Fair Trade – fair price to farmers and most importantly, child labour was not used in the production of the coffee. As with chocolate, if it is not fair trade, then most likely child labour was used to produce it.
Organic – free of pesticides, so less chemicals for you and less chemicals in the lives of the farmers that picked the beans for you. Also – less chemicals for the soil and the insects and the birds and the wildlife and the ecosystem…. you get the picture.
Shade grown – grown within the rainforest, under the canopy, so that the rainforest can still flourish and farmers can still farm their beans. This has the permaculture, edible forest idea that I love, it feels natural, holistic. Plus those rainforests need all the help we can give them.
So for me, I will always choose fair trade, since I worry about the children. It trumps my climate change concern, which is a pretty big deal for me. If it is fair trade and something else, I will buy it. I can normally find fair trade organic pretty easily, or rainforest alliance (which has a fair trade component).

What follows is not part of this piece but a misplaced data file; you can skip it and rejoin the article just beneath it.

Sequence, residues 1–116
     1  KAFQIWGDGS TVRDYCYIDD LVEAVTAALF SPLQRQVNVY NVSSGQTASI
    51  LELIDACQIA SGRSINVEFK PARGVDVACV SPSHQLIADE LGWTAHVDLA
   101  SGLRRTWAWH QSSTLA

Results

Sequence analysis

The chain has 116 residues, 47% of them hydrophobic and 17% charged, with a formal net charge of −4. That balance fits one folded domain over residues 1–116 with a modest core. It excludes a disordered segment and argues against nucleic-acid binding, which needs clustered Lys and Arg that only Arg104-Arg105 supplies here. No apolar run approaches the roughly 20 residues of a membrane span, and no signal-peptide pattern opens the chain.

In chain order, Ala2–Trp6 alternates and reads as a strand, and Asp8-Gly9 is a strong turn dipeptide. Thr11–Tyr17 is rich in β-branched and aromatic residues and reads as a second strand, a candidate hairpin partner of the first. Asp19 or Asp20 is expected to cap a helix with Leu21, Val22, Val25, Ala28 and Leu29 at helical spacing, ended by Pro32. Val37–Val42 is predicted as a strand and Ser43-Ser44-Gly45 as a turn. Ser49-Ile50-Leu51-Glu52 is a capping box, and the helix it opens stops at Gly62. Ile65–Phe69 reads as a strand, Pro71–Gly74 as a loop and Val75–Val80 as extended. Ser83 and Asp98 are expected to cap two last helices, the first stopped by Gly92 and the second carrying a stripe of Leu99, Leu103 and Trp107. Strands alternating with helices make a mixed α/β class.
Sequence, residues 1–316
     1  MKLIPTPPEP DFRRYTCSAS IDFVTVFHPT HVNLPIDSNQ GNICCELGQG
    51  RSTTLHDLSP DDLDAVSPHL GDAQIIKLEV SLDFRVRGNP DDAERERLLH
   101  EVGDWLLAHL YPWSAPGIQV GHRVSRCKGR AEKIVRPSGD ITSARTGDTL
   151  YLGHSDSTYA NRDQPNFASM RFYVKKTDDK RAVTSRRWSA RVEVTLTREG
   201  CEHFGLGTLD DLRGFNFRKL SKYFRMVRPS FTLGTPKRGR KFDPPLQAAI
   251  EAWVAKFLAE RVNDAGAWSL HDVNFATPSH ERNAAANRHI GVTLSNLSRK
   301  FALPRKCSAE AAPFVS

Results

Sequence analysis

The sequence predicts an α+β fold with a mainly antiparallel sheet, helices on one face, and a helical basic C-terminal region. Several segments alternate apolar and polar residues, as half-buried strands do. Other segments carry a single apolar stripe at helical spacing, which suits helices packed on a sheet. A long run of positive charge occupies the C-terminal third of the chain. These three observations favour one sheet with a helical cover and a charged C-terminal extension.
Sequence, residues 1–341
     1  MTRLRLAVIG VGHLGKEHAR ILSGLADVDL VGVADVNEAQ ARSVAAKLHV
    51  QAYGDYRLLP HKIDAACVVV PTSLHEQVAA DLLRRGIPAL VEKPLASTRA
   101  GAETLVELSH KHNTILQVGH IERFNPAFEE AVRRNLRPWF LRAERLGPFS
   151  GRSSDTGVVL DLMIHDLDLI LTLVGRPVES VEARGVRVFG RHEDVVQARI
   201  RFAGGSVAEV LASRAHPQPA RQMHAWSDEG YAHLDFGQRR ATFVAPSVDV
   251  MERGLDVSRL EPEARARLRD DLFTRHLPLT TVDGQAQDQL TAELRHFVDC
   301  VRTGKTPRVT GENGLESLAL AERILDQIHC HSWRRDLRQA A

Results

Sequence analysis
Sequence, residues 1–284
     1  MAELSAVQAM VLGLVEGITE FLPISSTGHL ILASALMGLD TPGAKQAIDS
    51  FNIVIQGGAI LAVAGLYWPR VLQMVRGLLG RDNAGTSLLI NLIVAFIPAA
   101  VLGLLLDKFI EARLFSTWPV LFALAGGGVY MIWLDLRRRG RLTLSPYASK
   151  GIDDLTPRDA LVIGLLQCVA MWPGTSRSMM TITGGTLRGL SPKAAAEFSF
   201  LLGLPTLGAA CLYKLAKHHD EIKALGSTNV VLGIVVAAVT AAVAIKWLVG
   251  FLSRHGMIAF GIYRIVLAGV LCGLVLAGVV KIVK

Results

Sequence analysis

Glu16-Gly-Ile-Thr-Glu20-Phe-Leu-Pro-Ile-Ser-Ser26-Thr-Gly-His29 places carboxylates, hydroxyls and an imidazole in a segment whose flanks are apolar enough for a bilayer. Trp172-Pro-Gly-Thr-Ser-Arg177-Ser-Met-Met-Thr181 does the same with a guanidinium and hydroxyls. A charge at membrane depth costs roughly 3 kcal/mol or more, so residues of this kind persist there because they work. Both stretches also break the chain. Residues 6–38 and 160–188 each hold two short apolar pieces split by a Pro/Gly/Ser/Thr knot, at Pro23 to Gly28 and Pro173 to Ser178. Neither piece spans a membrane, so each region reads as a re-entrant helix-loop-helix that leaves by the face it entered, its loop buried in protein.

These coffees seem to be only available as beans. So if you don’t have one, you will have to get a coffee bean grinder. This is a bonus, since freshly ground coffee is the best. For extra points, get a hand grinder. My sister has one, and I give her props.
Write letters to your local coffee shops (or multi-national chains, you know the ones) asking that they only use fair trade, organic, rainforest alliance, shade grown coffee, clearly marked. Tell them that coffee farmers deserve a decent living and that they should not be associated with coffee that uses child labour. Tell them that the other coffee shops are doing it, and you would hope that they would do it too, so as to maintain your business. Write one letter and send it many places, over and over. Email is easiest. It doesn’t have to be a perfect letter either. Just whip it off and send it. You would be surprised at the impact, especially if you send it locally. It may stimulate discussion among management. You will be placing additional straw on the camel’s back. It will feel good. I promise.
Stop drinking coffee. Crazy I know. I don’t think I could do it. Maybe you can. No Impact Man did it, as did the 100-Mile Dieters. But they did it as a year-long challenge, and got to talk about it in their books. This did inspire me but I still don’t think I could do it. Local mint tea anyone?
Use a hand powered coffee grinder like my sister. She works for her coffee, and it tastes better somehow.
Use a reusable coffee filter.
Compost your coffee grounds. They are great for the garden!
So what do you think? Where do you fall on the sliding green scale – dabbler, beginner, intermediate, hardcore or ultimate? Any change for the green is a good change, no matter how small. So take the poll!